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Posts Tagged ‘Deer’

Durango, Colorado

Irvine, California

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Mary Beth: Brazen, bold and more than a little scary! The deer in our neighborhood think they’re in charge and they’re making sure we know it.

The first incident involved one of the herd and my dog, Sage. I was on the phone with Barbara a couple of weeks ago when I heard a huge ruckus outside. Screaming “I’ll call you back!”, I dropped the phone and ran out to protect my maniac dog from an angry buck, and from herself. He was getting ready to ram her as I called her to come up to the porch. Amazingly, she disengaged and came to me. Thank goodness we spent all that time training her! But what I’d really like to know is why on earth she thought she could challenge this creature which is at least four times her size?!

The deer pictured above was in my yard when I pulled in the driveway a couple of days ago. Sage and Kea lost it and I thought they were going right through the window. To my amazement the deer approached the car and moved towards me every time I opened the door and tried to step out. I finally gave up and figured I’d make the best of it by taking a few pictures. By the third shot she was out of there. I’d love to have some insight into her thought process.

What I do know is that the herd frequents my garden (along with the raccoons who have been noisily raiding my crabapple tree every night for at least a week) because I have many delicious goodies that they like to snack on. If I’m going to have anything left to garden in the spring, I’m going to have to mix up a huge vat of my deer spray.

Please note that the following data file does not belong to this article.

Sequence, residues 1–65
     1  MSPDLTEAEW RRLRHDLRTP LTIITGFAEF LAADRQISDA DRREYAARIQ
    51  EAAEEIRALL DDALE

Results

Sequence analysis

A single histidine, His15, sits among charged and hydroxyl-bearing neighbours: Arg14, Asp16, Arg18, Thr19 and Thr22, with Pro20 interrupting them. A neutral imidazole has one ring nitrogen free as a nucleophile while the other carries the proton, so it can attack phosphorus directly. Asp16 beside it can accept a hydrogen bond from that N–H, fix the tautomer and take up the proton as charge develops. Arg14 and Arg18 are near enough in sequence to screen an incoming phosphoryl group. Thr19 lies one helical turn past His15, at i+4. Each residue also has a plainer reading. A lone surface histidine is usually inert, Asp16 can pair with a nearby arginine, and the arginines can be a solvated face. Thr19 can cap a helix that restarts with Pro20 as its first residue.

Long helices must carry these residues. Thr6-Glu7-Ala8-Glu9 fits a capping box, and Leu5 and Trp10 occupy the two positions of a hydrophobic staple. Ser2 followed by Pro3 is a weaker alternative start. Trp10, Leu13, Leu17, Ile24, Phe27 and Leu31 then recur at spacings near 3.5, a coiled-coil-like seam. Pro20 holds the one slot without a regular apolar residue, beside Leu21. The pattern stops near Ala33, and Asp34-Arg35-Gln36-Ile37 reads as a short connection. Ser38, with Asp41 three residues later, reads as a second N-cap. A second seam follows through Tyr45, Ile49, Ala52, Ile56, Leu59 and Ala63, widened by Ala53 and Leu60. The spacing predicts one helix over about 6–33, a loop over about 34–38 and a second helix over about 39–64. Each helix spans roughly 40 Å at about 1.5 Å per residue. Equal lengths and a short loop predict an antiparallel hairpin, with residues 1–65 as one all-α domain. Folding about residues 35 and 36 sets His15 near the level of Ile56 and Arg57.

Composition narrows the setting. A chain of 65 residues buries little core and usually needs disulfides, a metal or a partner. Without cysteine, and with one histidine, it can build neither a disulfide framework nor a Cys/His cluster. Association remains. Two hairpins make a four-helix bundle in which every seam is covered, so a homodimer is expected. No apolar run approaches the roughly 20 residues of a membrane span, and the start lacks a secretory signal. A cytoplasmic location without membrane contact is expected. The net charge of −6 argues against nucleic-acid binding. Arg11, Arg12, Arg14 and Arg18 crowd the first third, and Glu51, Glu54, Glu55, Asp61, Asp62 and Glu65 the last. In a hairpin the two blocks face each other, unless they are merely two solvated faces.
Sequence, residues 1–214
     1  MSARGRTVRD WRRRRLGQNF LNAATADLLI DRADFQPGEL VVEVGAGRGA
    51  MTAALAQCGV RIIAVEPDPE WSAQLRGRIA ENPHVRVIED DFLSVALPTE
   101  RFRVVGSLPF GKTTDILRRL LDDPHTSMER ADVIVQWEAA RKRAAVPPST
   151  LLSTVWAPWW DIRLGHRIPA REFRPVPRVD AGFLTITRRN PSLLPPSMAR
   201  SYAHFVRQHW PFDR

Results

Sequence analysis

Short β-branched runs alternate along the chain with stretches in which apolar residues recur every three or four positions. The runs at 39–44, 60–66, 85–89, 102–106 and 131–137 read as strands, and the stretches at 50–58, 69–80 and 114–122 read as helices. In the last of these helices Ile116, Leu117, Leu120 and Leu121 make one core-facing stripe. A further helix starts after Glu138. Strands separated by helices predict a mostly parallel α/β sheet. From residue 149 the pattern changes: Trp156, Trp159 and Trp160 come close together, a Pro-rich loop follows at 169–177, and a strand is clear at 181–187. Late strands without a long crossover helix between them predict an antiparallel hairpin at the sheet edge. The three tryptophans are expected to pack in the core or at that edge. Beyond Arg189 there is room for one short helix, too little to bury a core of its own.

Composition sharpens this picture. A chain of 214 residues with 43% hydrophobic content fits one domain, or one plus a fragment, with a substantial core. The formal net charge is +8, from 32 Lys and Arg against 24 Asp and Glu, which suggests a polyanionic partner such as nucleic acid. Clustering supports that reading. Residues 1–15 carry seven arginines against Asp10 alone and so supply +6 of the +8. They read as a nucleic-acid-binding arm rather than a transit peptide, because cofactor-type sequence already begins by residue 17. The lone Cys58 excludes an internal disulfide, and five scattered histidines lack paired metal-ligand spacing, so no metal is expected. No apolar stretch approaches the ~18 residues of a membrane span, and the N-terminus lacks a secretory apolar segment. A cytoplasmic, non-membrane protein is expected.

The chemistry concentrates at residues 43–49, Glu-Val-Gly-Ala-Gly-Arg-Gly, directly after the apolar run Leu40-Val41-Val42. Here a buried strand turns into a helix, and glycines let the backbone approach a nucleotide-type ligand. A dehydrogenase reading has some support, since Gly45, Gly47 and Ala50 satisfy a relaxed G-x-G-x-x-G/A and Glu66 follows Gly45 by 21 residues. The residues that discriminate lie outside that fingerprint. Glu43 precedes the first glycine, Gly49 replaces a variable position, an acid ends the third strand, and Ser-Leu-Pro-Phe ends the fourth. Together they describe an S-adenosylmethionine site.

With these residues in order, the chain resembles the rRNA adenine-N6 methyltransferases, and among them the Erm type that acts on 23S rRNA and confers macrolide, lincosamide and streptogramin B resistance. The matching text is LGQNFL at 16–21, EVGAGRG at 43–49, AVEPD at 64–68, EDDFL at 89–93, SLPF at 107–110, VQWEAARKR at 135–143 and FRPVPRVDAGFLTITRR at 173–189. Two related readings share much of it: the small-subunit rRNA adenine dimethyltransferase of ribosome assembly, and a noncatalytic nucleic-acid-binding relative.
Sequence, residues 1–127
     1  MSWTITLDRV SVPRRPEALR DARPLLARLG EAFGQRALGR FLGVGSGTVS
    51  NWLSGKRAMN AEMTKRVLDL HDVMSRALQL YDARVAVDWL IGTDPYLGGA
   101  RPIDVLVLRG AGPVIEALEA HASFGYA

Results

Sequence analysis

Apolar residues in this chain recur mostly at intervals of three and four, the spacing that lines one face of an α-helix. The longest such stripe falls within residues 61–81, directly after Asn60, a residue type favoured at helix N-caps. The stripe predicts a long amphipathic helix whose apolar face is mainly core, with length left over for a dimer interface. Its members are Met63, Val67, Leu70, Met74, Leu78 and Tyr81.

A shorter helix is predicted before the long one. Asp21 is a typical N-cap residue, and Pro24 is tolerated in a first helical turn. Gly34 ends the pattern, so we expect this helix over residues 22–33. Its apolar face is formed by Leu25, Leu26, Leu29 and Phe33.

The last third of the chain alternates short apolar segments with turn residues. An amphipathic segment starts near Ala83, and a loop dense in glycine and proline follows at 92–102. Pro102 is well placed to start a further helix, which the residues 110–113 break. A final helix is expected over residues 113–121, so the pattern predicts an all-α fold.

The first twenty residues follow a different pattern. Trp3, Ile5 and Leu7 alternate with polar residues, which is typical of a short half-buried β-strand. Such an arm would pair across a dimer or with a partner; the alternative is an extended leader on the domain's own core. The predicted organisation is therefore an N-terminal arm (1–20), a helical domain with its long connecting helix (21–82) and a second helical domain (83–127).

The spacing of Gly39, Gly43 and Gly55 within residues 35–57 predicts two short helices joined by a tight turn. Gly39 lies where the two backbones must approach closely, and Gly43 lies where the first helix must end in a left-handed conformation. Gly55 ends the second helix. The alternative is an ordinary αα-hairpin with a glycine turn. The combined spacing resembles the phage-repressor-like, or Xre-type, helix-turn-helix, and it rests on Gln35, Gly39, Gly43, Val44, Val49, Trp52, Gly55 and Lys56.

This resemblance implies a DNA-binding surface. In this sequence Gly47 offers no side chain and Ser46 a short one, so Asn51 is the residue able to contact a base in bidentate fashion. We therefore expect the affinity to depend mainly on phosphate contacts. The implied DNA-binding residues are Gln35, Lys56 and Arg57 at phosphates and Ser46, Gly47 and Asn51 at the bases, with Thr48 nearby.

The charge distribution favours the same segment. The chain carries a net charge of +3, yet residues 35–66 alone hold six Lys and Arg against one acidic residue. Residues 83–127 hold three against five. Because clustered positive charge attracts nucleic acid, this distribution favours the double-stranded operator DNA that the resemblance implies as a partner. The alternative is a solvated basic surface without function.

I’ve posted this recipe before, but it’s clearly time for a refresher. This stuff is really stinky, but definitely worth the trouble.

Deer Repellant Spray Recipe:

  • 4 raw eggs
  • 1 tablespoon or more of hot sauce, the hotter the better
  • 1 teaspoon dish soap
  • 2 teaspoons of garlic juice or garlic powder
  • 2 teaspoons of white pepper
  1. Blend all ingredients in a blender with a quart of water. It helps to strain it before putting it into your sprayer because it will clog it, which is really annoying
  2. Pour in a gallon sprayer, add more water to top it off to a gallon and let it sit out of the sun for a couple of days so it gets good and smelly
  3. Spray your plants with a fine mist to coat all the foliage (and flowers)
  4. Respray new growth and after rain or snow

It’s a good idea to switch up the recipe from time to time, because deer will get used to the spray after a while and it won’t be as effective. Add things like a few drops of clove oil, peppermint oil, cinnamon oil, or 1 cup of milk, etc. to change the smell and taste a little. I’ve even added a sliver of Irish Springs soap to my batches and it seems to work really well. I find that the deer may take a bite here and there, but after tasting the spray they move on.

Barbara: I know a lot of you are fans of our photography. One of Mary Beth’s photos was selected by the National Geographic to appear in its 2010 Photo Contest! So please show MB a little love and vote for this gorgeous photo. Today is the last day for voting.

Thanks much!